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How to Extend the Life of Your Retirement Portfolio

Asset Withdrawal Order

One of the biggest challenges when it comes to retirement planning is ensuring that your savings last as long as you live. This is becoming even more important as some people choose to retire earlier than the traditional retirement age of 65 and average life expectancy in the U.S. increases.

For example, U.S. men can now expect to live to an average age of 76, while women can expect to live to an average age of 81, according to the National Center for Health Statistics.

Asset Withdrawal Order Matters

The order in which you withdraw funds from your retirement savings accounts can have a big impact on whether or not your savings will last throughout your retirement. One common strategy is to claim Social Security benefits as early as possible, which is generally age 62, and then liquidate investments with the lowest tax impact first to generate additional income as needed.

With this strategy, you would tap nonqualified funds first and wait until later in retirement to tap funds from qualified accounts like IRAs and 401(k)s. However, new research indicates that it might be better to wait until reaching full retirement age to claim Social Security benefits and use funds from qualified accounts to bridge the financial gap while waiting to claim Social Security.

Sequences of Spending

There are three main sequences of spending when it comes to tapping retirement funds:

  1. Social Security first — This is the sequence described above in which you would claim Social Security benefits sometime between age 62 and your full retirement age. You would tap nonqualified assets to supplement reduced Social Security benefits for as long as possible while waiting to tap qualified assets as needed for income or to meet required minimum distributions (RMDs) when you turn 70½.
  2. Qualified funds first — Here, you would delay receiving Social Security benefits until full retirement age, or even age 70½ , in order to maximize the monthly benefit amount. You would withdraw money from qualified retirement accounts to meet retirement living expenses before claiming Social Security benefits and wait until later in retirement to withdraw nonqualified funds.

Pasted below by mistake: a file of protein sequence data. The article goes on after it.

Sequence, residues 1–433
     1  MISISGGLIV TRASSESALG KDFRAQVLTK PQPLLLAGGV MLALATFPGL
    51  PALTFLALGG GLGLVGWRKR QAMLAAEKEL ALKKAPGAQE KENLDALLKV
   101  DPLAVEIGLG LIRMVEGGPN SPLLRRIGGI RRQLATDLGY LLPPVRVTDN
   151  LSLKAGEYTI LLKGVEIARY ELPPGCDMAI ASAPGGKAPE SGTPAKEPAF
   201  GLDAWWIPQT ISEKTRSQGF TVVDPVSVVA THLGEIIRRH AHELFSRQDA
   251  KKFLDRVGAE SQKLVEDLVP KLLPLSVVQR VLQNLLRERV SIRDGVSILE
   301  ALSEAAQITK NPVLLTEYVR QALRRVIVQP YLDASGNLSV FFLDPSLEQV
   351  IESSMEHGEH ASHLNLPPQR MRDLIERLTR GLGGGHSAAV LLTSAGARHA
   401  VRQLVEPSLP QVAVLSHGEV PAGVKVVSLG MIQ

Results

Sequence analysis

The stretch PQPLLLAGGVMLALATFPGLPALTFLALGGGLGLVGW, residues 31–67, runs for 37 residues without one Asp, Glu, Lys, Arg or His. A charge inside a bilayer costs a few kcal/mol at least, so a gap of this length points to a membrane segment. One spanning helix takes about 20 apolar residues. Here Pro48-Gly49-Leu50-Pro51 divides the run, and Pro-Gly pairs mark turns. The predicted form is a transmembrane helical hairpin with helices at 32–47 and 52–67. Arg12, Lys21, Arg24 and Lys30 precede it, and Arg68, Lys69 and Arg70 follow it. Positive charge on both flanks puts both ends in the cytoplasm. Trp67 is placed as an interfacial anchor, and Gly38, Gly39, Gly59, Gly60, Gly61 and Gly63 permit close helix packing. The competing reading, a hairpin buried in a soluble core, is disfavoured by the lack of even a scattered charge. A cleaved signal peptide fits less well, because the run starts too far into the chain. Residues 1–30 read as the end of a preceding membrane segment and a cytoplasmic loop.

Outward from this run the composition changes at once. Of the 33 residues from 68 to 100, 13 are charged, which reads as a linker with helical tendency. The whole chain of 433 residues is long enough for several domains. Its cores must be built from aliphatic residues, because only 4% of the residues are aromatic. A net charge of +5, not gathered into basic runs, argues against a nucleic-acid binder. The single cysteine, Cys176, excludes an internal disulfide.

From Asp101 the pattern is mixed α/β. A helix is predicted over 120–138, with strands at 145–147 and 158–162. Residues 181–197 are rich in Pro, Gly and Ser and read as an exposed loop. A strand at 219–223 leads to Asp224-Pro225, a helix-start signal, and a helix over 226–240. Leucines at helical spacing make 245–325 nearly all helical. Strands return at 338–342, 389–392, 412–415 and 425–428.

3. Roth IRA conversion — With this strategy, you would delay receiving Social Security benefits until full retirement age or later and perform annual Roth IRA conversions to the extent that they don’t increase your effective marginal tax rate. You would use nonqualified assets to meet retirement living expenses before claiming Social Security benefits and pay taxes resulting from the Roth IRA conversions, and tap qualified funds to meet RMDs at age 70½.

Which Sequence is Right for You?

The right sequence of spending will depend on a variety of factors that are different for every individual and couple. In particular, you should weigh the relative importance of these three retirement financial goals:

  1. Portfolio longevity, or extending the life of your portfolio throughout your retirement.
  2. Sustainable income, or maintaining your pre-retirement standard of living in retirement.
  3. Legacy planning, or preserving assets to pass on to your heirs.

Carefully weighing your sequence of spending options can go a long way toward helping ensure that you meet your retirement saving and spending goals.

The commentary is limited to the dissemination of general information pertaining to Frontier Wealth Management, LLC’s (“Frontier”) investment advisory services. This information should not be used or construed as an offer to sell, a solicitation of an offer to buy or a recommendation for any security, market sector or investment strategy. There is no guarantee that the information supplied is accurate or complete. Frontier is not responsible for any errors or omissions, and provides no warranties with regards to the results obtained from the use of the information. Nothing in this document is intended to provide any legal, accounting or tax advice and Frontier does not provide such advice. This information is subject to change without notice and should not be construed as a recommendation or investment advice. You should consult an attorney, accountant or tax professional regarding your specific legal or tax situation.